This species was also the object of intensive professional fishing in the estuaries, with trammel nets and purse seines; today it is occasionally fished with trawl nets. Sport fishing is practiced in river waters during the reproductive whipping, with casting rods and artificial baits (rotating spoons with 1-2 blades, small undulating spoons with simple hook, large artificial flies).
Even if it is not of great importance for fishing because of its meat, good but full of bones, for the sport fisherman it represents a respectable prey for the strength it opposes to the capture. It is fished with the technique of fly or spinning.
As for the status of the species, with the exception of French waters, where it appears relatively numerous, A. alosa has a very localized distribution. In the past, the species has been affected by pollution, by the loss of suitable places to scrub due to the construction of impassable barriers on the main rivers and by excessive pressure due to fishing. It now appears that the decline, which began in the early decades of the 20th century, has come to a halt, and populations have stabilized at medium and low levels. In fact, the species has returned to populate those rivers where special passages have been built to allow the passage towards the breeding grounds and the sea.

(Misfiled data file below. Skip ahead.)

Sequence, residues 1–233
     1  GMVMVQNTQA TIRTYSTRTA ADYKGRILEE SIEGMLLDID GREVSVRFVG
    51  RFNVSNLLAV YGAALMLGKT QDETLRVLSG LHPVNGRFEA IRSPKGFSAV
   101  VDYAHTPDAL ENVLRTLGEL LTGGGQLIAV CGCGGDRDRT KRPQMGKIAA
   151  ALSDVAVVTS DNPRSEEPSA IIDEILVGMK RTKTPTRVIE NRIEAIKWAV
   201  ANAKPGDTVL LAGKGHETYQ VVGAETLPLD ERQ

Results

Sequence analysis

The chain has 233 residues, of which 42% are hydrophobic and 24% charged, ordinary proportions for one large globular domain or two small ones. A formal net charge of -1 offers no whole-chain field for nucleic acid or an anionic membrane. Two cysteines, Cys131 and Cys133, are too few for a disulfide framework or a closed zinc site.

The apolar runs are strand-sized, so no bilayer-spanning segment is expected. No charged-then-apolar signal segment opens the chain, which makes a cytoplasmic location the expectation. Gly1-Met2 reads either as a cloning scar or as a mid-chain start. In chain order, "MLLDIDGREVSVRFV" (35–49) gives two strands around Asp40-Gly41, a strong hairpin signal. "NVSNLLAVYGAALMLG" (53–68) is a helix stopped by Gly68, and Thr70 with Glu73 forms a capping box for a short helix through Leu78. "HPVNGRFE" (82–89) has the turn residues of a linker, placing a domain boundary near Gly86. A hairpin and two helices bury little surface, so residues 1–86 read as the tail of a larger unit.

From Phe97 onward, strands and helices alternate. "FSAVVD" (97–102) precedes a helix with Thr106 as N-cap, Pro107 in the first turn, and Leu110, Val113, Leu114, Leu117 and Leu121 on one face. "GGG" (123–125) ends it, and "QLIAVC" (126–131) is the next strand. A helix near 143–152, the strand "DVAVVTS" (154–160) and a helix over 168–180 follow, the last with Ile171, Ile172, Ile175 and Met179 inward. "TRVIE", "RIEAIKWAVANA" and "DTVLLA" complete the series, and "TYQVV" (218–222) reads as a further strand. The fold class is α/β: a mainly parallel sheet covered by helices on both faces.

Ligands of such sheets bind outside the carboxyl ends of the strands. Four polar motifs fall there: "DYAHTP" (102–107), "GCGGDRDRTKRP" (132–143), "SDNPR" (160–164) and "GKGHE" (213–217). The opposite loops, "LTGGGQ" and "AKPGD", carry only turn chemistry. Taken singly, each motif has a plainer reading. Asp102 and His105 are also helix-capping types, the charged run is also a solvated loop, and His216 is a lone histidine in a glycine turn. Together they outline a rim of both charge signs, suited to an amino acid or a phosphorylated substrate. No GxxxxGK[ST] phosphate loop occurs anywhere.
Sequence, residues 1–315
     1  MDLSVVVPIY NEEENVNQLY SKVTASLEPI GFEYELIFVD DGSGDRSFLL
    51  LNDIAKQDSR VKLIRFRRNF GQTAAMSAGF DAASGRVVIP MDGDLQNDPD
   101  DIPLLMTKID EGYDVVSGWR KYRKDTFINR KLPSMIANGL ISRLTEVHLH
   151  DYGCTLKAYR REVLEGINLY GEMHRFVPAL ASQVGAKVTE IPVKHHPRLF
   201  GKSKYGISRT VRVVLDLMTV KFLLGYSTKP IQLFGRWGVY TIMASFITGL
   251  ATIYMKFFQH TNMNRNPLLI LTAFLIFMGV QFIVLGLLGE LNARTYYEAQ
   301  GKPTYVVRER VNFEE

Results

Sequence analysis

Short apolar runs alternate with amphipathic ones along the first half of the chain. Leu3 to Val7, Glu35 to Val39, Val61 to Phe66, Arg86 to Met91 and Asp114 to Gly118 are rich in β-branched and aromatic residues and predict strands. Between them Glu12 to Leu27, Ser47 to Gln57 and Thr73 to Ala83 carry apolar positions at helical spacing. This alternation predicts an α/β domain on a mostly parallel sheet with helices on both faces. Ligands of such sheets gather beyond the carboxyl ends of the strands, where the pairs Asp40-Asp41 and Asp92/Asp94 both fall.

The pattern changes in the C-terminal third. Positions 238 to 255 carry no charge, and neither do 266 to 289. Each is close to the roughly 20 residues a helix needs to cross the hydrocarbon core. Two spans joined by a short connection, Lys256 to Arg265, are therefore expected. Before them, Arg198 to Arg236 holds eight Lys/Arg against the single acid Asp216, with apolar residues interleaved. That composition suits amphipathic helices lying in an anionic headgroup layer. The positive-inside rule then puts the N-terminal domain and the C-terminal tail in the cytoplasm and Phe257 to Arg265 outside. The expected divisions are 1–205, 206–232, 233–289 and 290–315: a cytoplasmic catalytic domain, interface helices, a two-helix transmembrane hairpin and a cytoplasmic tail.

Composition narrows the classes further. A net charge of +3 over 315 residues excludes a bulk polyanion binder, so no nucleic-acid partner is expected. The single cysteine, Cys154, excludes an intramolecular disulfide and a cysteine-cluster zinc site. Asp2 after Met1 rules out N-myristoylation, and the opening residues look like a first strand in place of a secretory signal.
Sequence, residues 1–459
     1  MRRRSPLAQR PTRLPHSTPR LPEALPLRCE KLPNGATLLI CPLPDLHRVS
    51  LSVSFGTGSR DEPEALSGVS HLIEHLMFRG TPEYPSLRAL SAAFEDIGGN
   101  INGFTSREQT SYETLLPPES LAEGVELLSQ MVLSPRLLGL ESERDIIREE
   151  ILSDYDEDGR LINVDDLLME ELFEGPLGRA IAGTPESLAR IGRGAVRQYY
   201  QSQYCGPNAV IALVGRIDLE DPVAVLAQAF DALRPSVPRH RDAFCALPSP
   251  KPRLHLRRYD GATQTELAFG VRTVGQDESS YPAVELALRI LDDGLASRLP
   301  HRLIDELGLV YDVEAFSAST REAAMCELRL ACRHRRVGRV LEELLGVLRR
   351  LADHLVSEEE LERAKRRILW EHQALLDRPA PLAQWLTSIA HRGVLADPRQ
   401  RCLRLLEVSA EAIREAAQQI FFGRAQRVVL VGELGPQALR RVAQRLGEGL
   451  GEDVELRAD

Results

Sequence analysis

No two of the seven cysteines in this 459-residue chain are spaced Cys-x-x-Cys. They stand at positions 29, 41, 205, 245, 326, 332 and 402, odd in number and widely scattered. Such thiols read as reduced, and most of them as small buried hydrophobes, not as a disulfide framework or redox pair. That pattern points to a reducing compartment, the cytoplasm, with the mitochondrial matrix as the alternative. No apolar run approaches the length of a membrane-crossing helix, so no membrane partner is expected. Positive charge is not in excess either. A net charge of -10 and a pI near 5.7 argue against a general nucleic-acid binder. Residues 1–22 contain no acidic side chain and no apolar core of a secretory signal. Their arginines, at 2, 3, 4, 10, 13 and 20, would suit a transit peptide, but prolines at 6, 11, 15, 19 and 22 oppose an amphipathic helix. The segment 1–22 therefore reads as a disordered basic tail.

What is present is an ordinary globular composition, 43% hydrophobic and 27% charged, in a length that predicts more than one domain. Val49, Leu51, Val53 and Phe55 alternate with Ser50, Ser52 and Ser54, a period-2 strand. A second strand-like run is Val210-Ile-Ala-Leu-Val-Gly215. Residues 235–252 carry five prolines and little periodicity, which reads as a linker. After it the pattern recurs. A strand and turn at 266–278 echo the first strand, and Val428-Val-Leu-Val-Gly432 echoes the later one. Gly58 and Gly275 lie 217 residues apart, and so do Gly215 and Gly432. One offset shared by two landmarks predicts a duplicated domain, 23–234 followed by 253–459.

This species is mentioned in Appendix III of the Bern Convention (protected fauna). In the IUCN Red List (International Union for Conservation of Nature and Natural Resources) the species is classified as Least Concern (LC).
Furthermore, this fish is preyed upon by various species of fish and ichthyophagous birds. Various species of parasites have been observed, including the monogenous fluke Mazocraes alosae, the digenei flukes Pronoprymna ventricosa, Diplostomum gasterostei, Diplostomum spathaceum and Hemiurus appendiculateus, the nematodes Hysterthylacium osculatum and Hysterthylacium ile clavothosa fragile.

Guido Bissanti

Sources
– Wikipedia, the free encyclopedia.
– Louisy P., 2016. Guide to the identification of marine fish from Europe and the Mediterranean. Il Castello Editore, Milan.
– Nikiforos G., 2008. Mediterranean fauna. Giunti Editore, Florence.